BACK in the mists of time, in early March, many still expected the coronavirus shutdown to be a temporary interruption to normal life, like suspending a board game for dinner or shutting up an office over Christmas.

It won’t be anything like that; we can see that now. Normal life will not simply resume. The virus is a problem factory, churning out troubles, tribulations and full-blown crises almost as quickly as it churns out copies of itself. When the emergency is over, we’ll be dealing with those problems for years, just ask a doctor – or a teacher.

No one wanting to narrow the attainment gap between children from well-off and disadvantaged backgrounds would ever advocate mass home schooling, but suddenly, of necessity, that’s the entire basis of Scottish education. Closing the gap has been a key driver of education policy for decades and the First Minister has staked her reputation on it, though progress has so far been slow.

Now teachers are worried that progress could go into reverse.

Home schooling removes a great social leveller from children in a community: going to the same school.

That’s not to say it’s all bad news. In some respects, it might actually be a good thing. It’s already generating enormous energy, creativity and engagement.

Many people’s kitchens and lounges have been turned into part-time schoolrooms. Walls that were once unadorned are now crowded with crayon drawings, times tables charts and dirty finger marks. The recycling bin has become a resource, as cereal boxes become castle keeps and kitchen-roll tubes become homemade periscopes. Social media has exploded with endless such ideas from parents, as well as some diploma-level showing-off.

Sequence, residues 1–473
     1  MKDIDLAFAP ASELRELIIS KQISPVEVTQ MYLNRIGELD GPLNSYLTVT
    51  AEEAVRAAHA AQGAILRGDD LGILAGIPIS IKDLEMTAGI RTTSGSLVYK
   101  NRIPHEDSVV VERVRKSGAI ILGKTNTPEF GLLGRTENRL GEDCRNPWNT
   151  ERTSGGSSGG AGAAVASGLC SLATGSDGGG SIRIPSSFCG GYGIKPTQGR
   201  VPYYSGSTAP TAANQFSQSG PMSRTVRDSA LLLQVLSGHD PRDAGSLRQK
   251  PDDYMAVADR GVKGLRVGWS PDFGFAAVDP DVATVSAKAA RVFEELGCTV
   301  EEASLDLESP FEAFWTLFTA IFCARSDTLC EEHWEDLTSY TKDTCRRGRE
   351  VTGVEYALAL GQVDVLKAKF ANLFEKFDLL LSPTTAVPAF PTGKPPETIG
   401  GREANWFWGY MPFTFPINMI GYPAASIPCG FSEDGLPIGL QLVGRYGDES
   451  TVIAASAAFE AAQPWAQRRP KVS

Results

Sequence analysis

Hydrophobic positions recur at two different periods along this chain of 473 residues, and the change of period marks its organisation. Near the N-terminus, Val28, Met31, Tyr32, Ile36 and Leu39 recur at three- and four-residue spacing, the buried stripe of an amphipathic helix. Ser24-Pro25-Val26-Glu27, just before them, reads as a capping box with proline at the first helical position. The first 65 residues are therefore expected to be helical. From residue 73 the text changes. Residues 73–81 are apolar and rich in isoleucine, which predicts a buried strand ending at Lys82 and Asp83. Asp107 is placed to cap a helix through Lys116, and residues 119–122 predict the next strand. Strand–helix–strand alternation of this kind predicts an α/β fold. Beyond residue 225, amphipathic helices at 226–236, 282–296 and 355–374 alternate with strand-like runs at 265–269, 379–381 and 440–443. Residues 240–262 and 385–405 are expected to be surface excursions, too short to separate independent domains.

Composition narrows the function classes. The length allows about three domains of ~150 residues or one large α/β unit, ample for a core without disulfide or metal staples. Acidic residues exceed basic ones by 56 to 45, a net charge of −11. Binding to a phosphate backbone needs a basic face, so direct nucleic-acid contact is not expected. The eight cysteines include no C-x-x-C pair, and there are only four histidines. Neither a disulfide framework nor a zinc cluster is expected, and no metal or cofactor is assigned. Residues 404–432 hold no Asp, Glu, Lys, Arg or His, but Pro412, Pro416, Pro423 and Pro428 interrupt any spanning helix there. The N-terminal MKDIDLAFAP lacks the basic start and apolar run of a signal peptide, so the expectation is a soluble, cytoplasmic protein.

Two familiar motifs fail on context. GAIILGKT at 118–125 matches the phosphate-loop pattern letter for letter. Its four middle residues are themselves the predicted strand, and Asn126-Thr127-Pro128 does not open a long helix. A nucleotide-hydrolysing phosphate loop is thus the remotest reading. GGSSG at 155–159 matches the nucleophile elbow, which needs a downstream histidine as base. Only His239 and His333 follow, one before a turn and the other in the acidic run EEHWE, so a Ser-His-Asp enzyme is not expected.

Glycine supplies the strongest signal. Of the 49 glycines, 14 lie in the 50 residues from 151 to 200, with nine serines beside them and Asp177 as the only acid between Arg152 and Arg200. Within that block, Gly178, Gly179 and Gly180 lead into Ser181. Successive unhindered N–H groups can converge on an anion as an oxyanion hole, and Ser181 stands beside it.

Some parents are getting involved in their children’s education to an unprecedented degree (and learning in the process greater respect for the professionals who usually do the job). Some children who usually share a teacher with 25 or 30 other pupils now have one-to-one time with a live-in tutor. These parent-tutors may not have much time to teach or plan lessons (many have more than one child to cater for and are still trying to do their other job at the same time), but they are highly committed to their “class” and are gaining deep insights into their children’s educational needs, especially where the children are young.

Obviously there are challenges, such as the specialist nature of some teaching, but the well-connected and highly-educated can get round that. Got a chemistry degree? Great, you’re perfectly placed to teach science. Got a mate who devours literature like it’s chocolate? You can set up a Zoom tutorial on the war poets.

But this is where the inequality really starts to show. Of course it’s not wrong for parents to pursue these options – it’s resourceful and beneficial and a good idea – but the inevitable question left hanging in the air is, what happens to kids whose parents, for a variety of reasons, aren’t in a position to give them such learning support? Or what if the child has caring responsibilities, for younger siblings or a sick relative? Answer: you end up with striking variation in children’s educational experiences.